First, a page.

No food and water for two days while being produced in courts, no doctor to treat sick inmates, no possibility of meeting or speaking to family members. These are some of the observations made by former National Commission for Women (NCW) member Shamina Shafiq on the condition of women prisoners lodged in Central Jail in Raipur, Chhattisgarh, in December 2012.
The report, accessed exclusively by The Hindu , kept hidden from the public until recently, was released in response to RTI queries from women’s rights groups working in the State.
Adivasi schoolteacher and political leader Soni Sori says that since nothing much has changed in Chhattisgarh’s prisons over the past few years, the findings of the NCW report remain relevant.
The NCW team found a total of 140 women prisoners lodged in Central Jail, Raipur, against a capacity of 80. They also found no female doctor in the jail, no armed guards to accompany the undertrials to court leading to inordinate delays in settling cases, and poor access to legal aid for the mostly illiterate prisoners.
The NCW report also notes with concern that in the absence of a magistrate, despite video conferencing facilities in Raipur prison, tribal women feared to depose before jail authorities, and that “such an atmosphere was not conducive for holding trials.” The women prisoners are not even provided soap or sanitary napkins, the report says.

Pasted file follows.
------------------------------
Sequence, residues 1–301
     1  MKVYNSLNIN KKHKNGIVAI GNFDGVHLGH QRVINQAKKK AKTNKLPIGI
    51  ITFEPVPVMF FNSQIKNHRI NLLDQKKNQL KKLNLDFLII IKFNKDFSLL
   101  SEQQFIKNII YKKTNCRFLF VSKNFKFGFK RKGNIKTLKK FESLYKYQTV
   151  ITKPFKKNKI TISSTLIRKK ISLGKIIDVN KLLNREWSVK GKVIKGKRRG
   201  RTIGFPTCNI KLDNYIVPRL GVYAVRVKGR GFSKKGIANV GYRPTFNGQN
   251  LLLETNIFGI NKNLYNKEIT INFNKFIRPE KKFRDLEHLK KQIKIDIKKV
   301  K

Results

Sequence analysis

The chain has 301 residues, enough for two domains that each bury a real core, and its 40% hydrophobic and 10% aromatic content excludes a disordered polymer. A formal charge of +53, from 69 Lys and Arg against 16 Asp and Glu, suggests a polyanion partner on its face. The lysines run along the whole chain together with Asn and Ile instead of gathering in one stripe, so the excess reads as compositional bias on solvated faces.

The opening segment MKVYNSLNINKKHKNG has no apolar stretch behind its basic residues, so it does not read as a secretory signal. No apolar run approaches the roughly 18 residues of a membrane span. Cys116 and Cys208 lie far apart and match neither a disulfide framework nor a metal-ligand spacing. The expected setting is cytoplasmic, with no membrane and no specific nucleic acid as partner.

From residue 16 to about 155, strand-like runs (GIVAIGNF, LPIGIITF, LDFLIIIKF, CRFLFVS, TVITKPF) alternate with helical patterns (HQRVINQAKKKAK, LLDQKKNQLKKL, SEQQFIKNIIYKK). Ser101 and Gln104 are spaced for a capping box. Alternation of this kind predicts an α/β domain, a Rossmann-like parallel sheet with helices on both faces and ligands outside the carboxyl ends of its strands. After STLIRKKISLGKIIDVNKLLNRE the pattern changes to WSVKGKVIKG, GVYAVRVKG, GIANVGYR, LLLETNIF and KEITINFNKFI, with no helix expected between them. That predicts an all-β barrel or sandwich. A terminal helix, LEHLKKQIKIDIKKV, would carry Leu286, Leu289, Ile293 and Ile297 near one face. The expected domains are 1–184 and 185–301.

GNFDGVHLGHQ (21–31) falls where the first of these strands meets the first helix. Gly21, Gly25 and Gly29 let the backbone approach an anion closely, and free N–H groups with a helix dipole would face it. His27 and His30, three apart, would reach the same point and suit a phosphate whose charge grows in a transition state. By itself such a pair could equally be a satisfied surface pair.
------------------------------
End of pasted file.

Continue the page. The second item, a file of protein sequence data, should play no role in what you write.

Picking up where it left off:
The statement of 22-year-old Kawasi Hidme, released from Jagdalpur prison in Chhattisgarh earlier this year, after a seven-year illegal detention, offers a glimpse into the lives of adivasi prisoners here.
Narrating her experiences in Delhi on Tuesday, Hidme recalled being only 15 years old when she was picked up by the police on charges of being a “Naxal”.
Beaten and raped by the police in custody, she developed severe abdomen pain and vaginal bleeding. But during her time in Jagdalpur prison, when she sought medical care for this, prison authorities denied it initially.
She was later moved to a hospital and an operation was performed on her, although details of the nature of the surgery remain unknown, as per Hidme’s testimony.
After being shunted between Jagdalpur and Raipur prisons, in March this year, the Sessions Court in Dantewada released her when no charges were found against her.
The latest 2014 National Crime Records Bureau statistics puts Chhattisgarh among the States with the highest number of complaints – 3,105 — against the police for human rights abuses. However, only in 924 cases have judicial or magisterial inquiries been instituted.
Eminent lawyer Vrinda Grover faults the systemic bias of the State police against the tribal poor in the Maoist insurgency-hit areas, which explains the large population of undertrials here.
While conducting research in the southern regions of Chhattisgarh, she found that between 2009 and 2014, the prison population swelled rapidly, with overcrowding figures now standing at 261 per cent above capacity.
In Jagdalpur prison last year, women inmates managed to get a community kitchen after negotiating hard with the jail supervisor. But these minor improvements don’t go a long way in improving their overall lives, as the harassment they suffer at the hands of both prison supervisors and the police leave them shattered for a lifetime, she says.
“Look at Hidme. At the young age of 22, her health is so poor; she cannot do any work that a normal person of her age does. The multiple rapes she suffered at the hands of policemen during custody has devastated her, both physically and mentally,” she says.